Studying 4,045 miles away from West Virginia was only a physical hurdle for one West Virginia University Foundation Scholar who didn’t let the distance interfere with connecting to a West Virginia elementary school.
Paul Garton, a philosophy and international studies major, participated in a study abroad program at Al Akhawayn University in Ifrane, Morocco, in the spring. During his time there, Garton was able to gain invaluable experience, meet new people and see different parts of the world that he couldn’t wait to share.
“I felt that I was given this amazing opportunity,” Garton said. “I wanted to make the most of my time here by finding ways to connect my experience back to the people of West Virginia. I was sent here on behalf of WVU, and I feel that I owe it to the citizens I represent to make them a part of my time here if I can.”
Garton was approached by Wynne Proudfoot, a fourth grade teacher at West Taylor Elementary School in Taylor County, to teach a webinar to her class about his experiences, the culture and the people in Morocco.
“It is very important for our students to learn what life is like for people in all parts of the world,” Proudfoot said. “At West Taylor Elementary, we look for every opportunity to integrate cross-cultural learning through our content standards and objectives for each subject. I knew that Paul would be the perfect person to teach students about the similarities and differences of life in North Africa, which is a region many students know little about.”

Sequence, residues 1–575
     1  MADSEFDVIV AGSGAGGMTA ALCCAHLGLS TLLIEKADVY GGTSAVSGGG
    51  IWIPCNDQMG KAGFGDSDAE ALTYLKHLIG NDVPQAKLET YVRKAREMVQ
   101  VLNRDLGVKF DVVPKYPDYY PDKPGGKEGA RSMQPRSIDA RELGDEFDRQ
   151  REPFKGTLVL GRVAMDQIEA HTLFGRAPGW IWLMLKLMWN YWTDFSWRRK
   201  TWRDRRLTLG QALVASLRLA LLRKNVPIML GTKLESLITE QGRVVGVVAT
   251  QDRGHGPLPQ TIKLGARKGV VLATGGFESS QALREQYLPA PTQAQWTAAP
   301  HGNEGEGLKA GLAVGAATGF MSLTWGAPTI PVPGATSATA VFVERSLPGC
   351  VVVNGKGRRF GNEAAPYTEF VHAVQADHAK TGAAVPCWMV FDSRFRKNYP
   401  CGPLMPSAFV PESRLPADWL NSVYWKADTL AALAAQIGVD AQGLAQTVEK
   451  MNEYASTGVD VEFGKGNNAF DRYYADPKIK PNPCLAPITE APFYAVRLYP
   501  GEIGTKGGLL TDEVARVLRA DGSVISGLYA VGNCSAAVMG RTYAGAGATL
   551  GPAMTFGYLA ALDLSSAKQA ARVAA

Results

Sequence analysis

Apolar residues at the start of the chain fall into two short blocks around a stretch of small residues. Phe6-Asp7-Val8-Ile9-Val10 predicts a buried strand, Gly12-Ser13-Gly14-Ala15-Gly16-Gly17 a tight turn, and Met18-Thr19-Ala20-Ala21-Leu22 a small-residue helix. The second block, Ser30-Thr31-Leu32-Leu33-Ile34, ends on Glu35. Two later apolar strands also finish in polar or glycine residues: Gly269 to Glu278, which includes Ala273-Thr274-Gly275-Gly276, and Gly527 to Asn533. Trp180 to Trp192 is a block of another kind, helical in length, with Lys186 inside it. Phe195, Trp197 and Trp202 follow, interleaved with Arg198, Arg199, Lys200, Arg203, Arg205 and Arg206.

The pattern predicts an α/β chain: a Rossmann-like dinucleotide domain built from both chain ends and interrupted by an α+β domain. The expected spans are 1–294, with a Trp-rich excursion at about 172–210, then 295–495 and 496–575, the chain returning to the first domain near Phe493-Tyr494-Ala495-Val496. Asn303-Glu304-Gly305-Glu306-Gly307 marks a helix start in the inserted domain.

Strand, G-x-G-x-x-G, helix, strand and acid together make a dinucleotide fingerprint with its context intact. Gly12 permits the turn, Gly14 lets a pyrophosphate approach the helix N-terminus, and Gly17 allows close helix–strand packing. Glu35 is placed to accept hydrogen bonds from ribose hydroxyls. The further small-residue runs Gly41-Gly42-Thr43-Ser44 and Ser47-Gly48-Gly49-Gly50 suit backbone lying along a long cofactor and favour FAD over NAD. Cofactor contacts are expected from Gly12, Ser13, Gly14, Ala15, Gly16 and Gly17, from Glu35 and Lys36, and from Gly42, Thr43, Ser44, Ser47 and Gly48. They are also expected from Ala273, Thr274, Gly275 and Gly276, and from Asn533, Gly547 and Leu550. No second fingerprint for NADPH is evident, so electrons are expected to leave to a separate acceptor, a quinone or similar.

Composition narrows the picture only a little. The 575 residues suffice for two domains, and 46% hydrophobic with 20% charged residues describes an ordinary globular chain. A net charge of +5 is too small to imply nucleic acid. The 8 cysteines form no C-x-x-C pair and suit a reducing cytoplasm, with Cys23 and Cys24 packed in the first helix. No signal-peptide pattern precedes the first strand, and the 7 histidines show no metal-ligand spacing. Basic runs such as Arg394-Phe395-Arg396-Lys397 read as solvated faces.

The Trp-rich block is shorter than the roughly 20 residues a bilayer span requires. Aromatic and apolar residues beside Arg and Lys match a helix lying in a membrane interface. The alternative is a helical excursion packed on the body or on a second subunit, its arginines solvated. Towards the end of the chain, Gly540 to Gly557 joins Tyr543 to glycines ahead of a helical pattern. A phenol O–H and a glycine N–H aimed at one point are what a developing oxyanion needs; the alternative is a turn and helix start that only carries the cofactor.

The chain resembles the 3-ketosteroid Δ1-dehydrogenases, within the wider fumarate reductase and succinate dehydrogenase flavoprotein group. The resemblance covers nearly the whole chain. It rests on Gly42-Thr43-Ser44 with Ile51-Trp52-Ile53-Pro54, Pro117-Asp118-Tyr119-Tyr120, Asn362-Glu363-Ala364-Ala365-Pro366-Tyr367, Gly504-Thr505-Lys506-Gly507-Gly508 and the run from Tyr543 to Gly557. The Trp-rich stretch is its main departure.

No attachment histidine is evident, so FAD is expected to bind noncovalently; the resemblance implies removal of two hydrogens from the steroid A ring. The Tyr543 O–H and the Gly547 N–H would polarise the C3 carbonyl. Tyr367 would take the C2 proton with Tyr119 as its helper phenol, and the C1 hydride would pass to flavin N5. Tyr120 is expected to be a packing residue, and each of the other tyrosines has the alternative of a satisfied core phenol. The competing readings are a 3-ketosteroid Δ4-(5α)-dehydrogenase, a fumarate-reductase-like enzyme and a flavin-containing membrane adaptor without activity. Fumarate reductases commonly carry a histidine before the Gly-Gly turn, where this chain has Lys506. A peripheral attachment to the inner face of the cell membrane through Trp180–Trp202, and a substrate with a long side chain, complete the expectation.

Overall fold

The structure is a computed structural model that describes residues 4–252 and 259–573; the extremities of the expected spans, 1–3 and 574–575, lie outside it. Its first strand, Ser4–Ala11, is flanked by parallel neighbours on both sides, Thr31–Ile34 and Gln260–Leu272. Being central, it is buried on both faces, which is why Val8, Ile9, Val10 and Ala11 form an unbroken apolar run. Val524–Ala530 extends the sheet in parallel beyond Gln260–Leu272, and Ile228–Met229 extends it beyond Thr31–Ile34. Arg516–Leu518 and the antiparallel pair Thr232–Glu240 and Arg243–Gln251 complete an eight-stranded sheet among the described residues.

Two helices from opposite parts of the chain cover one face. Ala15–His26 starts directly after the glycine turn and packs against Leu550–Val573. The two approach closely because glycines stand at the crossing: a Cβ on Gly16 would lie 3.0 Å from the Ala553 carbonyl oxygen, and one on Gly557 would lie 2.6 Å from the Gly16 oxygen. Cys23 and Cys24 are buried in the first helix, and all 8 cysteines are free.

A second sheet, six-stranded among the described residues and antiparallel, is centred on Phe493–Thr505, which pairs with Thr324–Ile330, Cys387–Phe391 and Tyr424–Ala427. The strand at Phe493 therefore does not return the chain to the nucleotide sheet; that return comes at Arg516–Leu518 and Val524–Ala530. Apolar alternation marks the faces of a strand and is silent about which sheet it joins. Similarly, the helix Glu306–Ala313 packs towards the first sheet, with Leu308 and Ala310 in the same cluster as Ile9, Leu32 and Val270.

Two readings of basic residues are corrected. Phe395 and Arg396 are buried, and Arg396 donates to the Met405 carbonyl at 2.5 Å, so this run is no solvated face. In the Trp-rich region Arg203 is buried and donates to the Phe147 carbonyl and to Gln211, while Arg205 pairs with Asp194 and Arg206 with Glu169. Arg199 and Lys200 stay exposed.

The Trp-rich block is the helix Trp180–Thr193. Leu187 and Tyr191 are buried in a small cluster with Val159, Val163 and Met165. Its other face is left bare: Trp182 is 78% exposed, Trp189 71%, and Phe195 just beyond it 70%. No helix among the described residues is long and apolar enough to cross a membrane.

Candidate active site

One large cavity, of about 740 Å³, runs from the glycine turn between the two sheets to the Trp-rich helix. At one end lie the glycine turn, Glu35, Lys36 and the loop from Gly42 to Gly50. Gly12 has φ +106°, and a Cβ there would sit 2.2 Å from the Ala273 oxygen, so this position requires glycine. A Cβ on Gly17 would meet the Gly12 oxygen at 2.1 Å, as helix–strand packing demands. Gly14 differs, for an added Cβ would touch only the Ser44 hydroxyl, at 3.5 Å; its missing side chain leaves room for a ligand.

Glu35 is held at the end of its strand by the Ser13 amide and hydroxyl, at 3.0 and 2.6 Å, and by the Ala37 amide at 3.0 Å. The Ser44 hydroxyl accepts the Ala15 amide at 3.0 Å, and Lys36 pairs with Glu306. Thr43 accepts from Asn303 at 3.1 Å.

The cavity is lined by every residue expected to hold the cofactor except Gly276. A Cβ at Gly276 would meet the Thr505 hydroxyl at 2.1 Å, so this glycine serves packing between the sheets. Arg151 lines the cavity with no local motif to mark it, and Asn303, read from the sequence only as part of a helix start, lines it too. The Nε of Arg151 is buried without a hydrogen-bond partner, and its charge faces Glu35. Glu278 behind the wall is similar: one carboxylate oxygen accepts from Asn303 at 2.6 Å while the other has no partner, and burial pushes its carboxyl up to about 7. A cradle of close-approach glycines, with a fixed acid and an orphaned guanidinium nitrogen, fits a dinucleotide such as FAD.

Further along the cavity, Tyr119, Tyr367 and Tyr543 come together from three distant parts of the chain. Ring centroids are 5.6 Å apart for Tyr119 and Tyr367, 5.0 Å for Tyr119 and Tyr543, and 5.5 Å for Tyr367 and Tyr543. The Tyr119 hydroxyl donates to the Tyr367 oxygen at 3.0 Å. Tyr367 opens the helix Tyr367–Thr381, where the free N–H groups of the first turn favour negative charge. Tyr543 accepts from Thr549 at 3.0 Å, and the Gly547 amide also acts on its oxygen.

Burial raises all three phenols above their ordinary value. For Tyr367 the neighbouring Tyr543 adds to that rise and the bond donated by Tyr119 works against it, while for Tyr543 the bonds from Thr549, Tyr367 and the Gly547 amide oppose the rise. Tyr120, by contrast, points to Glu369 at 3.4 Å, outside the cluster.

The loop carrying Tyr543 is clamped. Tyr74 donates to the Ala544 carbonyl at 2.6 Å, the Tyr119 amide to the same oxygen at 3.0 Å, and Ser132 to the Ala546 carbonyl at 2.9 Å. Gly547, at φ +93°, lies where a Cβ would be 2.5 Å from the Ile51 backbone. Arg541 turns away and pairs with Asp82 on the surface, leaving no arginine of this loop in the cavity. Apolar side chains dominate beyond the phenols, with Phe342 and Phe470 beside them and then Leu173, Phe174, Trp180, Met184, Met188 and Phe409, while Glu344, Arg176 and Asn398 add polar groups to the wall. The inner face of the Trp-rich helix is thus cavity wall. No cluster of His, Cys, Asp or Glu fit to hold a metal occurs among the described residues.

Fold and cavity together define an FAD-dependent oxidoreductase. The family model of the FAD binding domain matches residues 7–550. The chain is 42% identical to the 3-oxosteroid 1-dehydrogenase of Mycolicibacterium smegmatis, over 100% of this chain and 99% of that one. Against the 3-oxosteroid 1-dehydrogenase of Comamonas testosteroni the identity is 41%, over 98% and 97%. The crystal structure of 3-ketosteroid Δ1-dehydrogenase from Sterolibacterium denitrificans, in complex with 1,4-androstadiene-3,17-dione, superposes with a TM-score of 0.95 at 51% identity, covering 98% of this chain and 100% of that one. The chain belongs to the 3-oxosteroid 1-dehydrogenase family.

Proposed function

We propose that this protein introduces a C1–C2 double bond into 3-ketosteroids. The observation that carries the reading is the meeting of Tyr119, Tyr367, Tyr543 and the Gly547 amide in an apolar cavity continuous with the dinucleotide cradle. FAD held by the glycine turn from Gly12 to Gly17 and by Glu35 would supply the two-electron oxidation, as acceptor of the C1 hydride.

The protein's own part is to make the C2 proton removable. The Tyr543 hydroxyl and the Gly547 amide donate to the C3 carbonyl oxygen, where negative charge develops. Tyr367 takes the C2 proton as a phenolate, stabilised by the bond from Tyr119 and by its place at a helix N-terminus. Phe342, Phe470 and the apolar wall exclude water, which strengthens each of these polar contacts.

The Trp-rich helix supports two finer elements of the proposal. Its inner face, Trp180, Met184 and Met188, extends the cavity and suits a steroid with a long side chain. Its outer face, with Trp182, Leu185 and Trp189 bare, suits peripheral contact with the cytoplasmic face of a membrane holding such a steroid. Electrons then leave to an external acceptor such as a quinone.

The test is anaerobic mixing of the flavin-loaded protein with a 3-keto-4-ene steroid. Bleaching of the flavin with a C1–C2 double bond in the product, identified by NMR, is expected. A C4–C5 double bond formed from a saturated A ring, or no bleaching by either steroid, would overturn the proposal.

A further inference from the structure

Proudfoot’s son, Chad, of WVU Extension Service, connected the parties using Wimba Classroom to allow Garton to present a PowerPoint slideshow, as well as talk in real time with Proudfoot and her students. Garton said he was happy to have the opportunity to act as an agent for positive change.
“I wanted to take this opportunity to be able to speak to younger folks and help dispel stereotypes and untrue beliefs that are sometimes felt about the Arab world,” Garton said. “I believe that if we educate youth at an early age about understanding other cultures and embracing differences, then we can make great strides in trying to ensure a more peaceful world for future generations. I’m committed to trying to make a positive impact in this regard.”
The students have already told their teacher that they want to learn about life in other countries, Proudfoot said.
Garton hopes to dedicate his career to public service through international relations and peace-building, as well as education through positive youth development. As a West Virginia 4-H All-Star, he credits 4-H with having a major impact on his focus, and he hopes to remain involved with the organization throughout his life to have an impact on global engagement and education.
“Paul’s leadership abilities and dedication to public service are evident in everything he does,” Proudfoot said, “and our students are able to benefit from his knowledge, dedication, and drive to be a change agent for global engagement.”
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